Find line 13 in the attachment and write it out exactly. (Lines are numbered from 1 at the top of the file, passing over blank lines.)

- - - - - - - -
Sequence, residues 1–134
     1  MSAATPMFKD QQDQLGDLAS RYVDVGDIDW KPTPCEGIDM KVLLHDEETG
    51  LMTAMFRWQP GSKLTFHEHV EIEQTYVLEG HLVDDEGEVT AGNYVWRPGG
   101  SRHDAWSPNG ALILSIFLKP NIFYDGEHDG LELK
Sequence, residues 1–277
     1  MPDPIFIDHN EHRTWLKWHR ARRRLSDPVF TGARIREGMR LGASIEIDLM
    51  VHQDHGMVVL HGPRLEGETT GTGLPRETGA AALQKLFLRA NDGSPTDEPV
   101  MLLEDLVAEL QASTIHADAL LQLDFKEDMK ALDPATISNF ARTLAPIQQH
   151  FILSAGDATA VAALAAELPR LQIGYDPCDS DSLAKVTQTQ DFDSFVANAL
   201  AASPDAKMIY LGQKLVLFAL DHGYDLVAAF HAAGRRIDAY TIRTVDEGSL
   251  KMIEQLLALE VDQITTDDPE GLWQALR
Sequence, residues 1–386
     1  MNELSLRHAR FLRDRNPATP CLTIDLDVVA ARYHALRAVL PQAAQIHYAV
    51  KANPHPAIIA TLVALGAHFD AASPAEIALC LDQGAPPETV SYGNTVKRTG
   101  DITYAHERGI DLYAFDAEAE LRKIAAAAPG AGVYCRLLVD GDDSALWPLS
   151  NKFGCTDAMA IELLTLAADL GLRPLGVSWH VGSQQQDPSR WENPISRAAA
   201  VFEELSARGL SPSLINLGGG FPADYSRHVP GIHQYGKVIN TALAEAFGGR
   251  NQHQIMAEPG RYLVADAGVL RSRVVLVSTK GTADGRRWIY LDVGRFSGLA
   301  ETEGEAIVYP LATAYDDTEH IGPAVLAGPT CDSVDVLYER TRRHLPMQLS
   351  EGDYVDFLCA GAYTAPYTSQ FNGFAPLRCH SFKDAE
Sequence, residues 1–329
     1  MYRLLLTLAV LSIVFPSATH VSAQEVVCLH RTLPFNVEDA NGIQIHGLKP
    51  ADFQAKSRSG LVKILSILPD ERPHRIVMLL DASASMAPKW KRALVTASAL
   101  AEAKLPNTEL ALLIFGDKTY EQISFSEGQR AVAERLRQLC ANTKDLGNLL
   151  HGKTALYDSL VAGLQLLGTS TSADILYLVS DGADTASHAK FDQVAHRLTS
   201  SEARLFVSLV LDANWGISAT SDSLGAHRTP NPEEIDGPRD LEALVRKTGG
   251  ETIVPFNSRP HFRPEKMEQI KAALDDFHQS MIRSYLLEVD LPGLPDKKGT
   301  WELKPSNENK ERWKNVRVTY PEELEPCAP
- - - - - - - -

     1  MNELSLRHAR FLRDRNPATP CLTIDLDVVA ARYHALRAVL PQAAQIHYAV